In 1987, the Guajardo v. Estelle case, modifying the correspondence regulations in the Texas prison system, was finalized. One of the results of Guajardo was prisoners with less than $5.00 in their trust fund accounts were considered indigent, and thereby entitled to five one-ounce First Class correspondences per week, and unlimited legal and privileged correspondences.
Circa 1998, Jason Powers, attorney at law, with the firm Vinson & Elkins, contacted me informing me the state had filed a motion to vacate Guajardo pursuant to the Prison Litigation Reform Act (PLRA). Powers solicited my assistance in defending plaintiffs' objection to State's motion. Obviously, the plaintiffs failed to prevail.
My concern regarding recent constrictions in indigent correspondence procedures is: Since vacating of Guajardo, indigent prisoner correspondence has been reduced from the 5 personal letters a week and unlimited legal correspondence, to 5 personal and 5 legal correspondence per month. This, when the indigent requirement has remained less than $5.00 since 1978, never being adjusted per the inflated dollar.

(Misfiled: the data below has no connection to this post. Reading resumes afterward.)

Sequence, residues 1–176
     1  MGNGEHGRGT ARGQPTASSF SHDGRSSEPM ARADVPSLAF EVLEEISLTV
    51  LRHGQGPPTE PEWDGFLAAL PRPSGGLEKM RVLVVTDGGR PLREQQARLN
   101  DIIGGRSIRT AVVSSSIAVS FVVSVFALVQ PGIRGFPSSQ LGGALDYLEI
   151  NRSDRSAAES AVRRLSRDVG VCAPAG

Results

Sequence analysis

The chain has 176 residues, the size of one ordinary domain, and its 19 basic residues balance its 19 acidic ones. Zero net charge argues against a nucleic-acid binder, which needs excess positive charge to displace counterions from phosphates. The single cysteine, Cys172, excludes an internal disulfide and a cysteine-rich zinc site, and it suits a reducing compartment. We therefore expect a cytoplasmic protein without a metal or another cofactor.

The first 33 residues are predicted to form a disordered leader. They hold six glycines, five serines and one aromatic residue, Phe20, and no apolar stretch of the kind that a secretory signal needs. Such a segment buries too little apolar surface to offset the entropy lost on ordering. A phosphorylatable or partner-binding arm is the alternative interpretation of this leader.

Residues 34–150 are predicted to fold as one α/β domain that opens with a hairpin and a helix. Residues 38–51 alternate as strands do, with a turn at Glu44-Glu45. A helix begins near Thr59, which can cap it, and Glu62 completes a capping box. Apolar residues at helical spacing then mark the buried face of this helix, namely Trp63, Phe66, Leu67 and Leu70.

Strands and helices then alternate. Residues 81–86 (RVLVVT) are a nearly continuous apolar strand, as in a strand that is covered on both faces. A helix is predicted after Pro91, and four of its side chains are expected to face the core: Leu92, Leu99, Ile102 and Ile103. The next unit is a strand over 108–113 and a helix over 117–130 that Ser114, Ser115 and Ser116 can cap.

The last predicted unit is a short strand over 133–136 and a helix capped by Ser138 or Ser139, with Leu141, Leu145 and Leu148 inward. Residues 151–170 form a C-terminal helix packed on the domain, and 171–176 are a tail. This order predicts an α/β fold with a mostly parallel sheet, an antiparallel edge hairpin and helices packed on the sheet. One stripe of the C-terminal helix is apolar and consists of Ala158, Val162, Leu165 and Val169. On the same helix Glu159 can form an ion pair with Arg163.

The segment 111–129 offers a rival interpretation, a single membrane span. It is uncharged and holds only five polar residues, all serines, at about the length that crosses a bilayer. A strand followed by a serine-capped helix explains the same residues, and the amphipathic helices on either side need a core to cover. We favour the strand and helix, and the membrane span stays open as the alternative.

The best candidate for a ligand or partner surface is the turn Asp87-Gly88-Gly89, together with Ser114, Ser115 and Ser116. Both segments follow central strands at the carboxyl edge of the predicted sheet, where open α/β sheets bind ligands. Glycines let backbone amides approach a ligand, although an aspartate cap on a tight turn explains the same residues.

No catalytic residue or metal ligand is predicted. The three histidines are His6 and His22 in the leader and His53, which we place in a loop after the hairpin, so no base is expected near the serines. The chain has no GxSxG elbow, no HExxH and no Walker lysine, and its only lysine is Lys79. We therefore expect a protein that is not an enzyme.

As such, I intend to commence a petition campaign directed at State Senator John Whitmire, State Committee on Criminal Justice, demanding not only that the 5x5 weekly indigent correspondence regulations be reimplemented, but that the standard of indigence required be adjusted to reflect a realistic inflated dollar. So fly this by your grievance writers and gauge their thoughts on the matter.
MIM(Prisons) responds: The reduction in indigent prisoner correspondence envelopes has a direct impact on prisoners' ability to stay in contact with family, fight legal battles, and engage in political education and organizing. The criminal injustice system wants to curtail these activities as a part of the goal of social control. As revolutionaries we support campaigns to expand access to correspondence, as we know this is critical to our ability to reach our comrades behind bars. We look forward to input from other grievance campaign participants about this new tactic in Texas.
Another campaign that is active in Texas is the right to access to a law library. We also recently learned that the Jailhouse Lawyers Handbook has been banned across the Texas Department of Criminal Injustice as of October 29, 2015. Texas is continuing a long history of assault on oppressed peoples in that state, and the only way we're going to be able to overcome the new (and old) tactics developed (and re-instituted) daily is to overthrow the state apparatus that makes it possible. Obviously Amerikkka's government system has got to go.